Africa’s Startup Funding Sees Decline Amidst Global Trends: Experts Speak

Published 1 month ago
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According to the report by research firm Africa: The Big Deal, a total of $466 million was raised through $100,000+ deals by 121 startups, representing only half of the amount raised in Q1 2023.

The report found that equity remained the primary source of funding, comprising 71% of disclosed funding, while debt deals saw a significant decrease, constituting 28%.

One standout from the quarter was Nigerian mobility startup Moove, which secured $110 million, influencing funding trends across the continent. However, the majority of funding continued to flow to startups headquartered in the Big Four countries, with Nigeria and Kenya leading the pack.

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In reaction to the report, stakeholders offer insights and recommendations for navigating the current funding landscape.

Oyin Solebo, Managing Director at ARM Labs Lagos Techstars Accelerator, tells FORBES AFRICA: “It appears as if we are experiencing not just an African, but a global reset in VC funding levels.”

Solebo continues: “For the coming quarters, with global inflation and interest rates still at record highs, we should expect similar declines in African startup funding versus the previous year’s equivalent quarter, as other asset classes will remain more attractive to more risk-averse investors. But there is light at the end of the tunnel. In the last few quarters, a number of notable VCs have announced new funds, meaning that there is more institutional money ready to be deployed in strong African deals.”

Solebo highlights the need for startups to focus on generating revenue and strengthening financial management amidst the decline in VC funding.

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“We need more local capital to be deployed into our ecosystem. The continent remains heavily reliant on international investment – with around 70% of our funding coming from overseas,” says Solebo.

Maurizio Caio, Managing Partner at Africa-focused tech VC firm, TLcom, emphasizes the importance of evidence of traction for startups to secure funding.

“In the upcoming quarters, the funding landscape will heavily depend on the state of global macroeconomic conditions, deal flow quality on the continent, and possible evidence of successful exits of African VC-backed companies, which we project will improve during the rest of the year,” Caio shares with FORBES AFRICA.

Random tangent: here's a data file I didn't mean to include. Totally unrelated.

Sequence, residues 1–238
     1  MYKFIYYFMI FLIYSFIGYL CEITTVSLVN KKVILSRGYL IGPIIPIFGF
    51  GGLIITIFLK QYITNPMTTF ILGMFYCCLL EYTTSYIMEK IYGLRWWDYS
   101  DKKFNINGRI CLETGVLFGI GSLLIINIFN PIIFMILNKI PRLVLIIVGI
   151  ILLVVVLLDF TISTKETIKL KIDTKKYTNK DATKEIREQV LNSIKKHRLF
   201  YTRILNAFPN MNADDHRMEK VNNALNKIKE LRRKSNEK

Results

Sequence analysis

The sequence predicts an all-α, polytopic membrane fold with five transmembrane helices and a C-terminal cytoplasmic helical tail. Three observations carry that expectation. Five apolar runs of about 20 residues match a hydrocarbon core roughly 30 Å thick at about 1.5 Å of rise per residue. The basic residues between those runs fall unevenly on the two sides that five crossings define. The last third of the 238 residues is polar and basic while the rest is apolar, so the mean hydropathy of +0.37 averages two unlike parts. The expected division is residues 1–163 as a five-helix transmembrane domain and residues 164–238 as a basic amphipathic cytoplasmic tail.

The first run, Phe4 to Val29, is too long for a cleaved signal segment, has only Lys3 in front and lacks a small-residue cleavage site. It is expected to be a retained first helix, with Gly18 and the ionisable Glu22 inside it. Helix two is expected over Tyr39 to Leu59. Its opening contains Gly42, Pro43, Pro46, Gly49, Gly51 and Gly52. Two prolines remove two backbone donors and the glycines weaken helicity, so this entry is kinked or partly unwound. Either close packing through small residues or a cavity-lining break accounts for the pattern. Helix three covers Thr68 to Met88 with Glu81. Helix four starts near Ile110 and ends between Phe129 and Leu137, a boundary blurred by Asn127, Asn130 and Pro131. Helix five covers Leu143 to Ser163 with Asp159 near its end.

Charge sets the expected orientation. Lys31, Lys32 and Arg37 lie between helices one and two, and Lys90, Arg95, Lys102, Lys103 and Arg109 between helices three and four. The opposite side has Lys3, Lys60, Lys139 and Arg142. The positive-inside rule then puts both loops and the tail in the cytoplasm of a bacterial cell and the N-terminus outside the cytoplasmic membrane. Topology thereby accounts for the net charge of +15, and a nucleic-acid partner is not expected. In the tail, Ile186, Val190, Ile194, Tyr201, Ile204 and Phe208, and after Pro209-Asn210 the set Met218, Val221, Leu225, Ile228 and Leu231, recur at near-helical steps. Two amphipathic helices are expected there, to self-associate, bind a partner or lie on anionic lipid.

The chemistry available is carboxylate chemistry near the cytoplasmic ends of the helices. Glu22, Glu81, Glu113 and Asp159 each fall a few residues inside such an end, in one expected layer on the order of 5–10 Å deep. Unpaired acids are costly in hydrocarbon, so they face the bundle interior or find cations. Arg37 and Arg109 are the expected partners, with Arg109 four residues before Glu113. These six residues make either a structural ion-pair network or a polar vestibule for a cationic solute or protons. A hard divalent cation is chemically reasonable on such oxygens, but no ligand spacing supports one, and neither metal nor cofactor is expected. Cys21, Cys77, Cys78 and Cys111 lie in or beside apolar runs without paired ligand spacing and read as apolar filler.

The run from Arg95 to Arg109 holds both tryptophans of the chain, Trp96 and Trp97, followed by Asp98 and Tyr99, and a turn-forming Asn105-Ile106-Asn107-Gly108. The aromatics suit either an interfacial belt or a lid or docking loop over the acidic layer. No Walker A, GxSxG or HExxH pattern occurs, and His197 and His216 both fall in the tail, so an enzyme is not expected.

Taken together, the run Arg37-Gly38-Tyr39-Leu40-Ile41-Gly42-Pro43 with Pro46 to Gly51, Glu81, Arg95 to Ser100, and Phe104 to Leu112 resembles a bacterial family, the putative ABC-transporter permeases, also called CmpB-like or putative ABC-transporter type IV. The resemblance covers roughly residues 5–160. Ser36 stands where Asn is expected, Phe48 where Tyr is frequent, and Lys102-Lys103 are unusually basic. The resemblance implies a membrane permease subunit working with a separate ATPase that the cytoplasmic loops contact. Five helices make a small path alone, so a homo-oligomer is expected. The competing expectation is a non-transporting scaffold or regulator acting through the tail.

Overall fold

Emmanuel Adegboye, head of Africa-focused pre-seed investment program, Madica, says: “The good news is that there are indications that there’s still a lot of early-stage investing activity on the continent with investors like Madica continuing to actively invest, just not a lot of large later-stage deals.

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“I don’t expect a lot of drastic improvements over the next few quarters and it’s especially important for startup founders to continue to be prudent with managing cash flow and their expectations to close later fundraising rounds quickly. It might be important to add that while the pace in investments has been slower, this shift can ultimately lead to more informed, sustainable investments that would benefit both startups and investors in the upcoming quarters/long run,” says Adegboye to FORBES AFRICA.

Ifelade Ayodele, CEO and founder of fintech firm, Blaaiz, explains the multi-faceted implications of the report for emerging startups, stressing the need for flexibility, customer-centricity, and strategic thinking regarding exit options for investors.

“Specific industries may have begun to be less attractive for investors due to a combination of factors such as spending power of end users (heightened by inflation), alternatives, among others,” Ayodele notes to FORBES AFRICA.

Ayodele suggests that “emerging and potential startups may need to begin to rethink the purchasing power of end users and make necessary pivots”.

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Ayodele urges startups to focus on solving actual problems “as opposed to perceived problems”, and think globally while acting locally.

“Startups may consider products that may thrive in at least two or more African markets duly backed by technology for scale and adoption,” Ayodele says to FORBES AFRICA.